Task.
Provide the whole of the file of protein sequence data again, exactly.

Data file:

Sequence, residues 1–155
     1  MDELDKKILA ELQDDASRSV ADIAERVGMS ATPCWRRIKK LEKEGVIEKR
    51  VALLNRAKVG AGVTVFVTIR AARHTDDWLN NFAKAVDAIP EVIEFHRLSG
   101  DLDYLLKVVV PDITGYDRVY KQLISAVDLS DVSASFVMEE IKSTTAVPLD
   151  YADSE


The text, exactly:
Sequence, residues 1–155
     1  MDELDKKILA ELQDDASRSV ADIAERVGMS ATPCWRRIKK LEKEGVIEKR
    51  VALLNRAKVG AGVTVFVTIR AARHTDDWLN NFAKAVDAIP EVIEFHRLSG
   101  DLDYLLKVVV PDITGYDRVY KQLISAVDLS DVSASFVMEE IKSTTAVPLD
   151  YADSE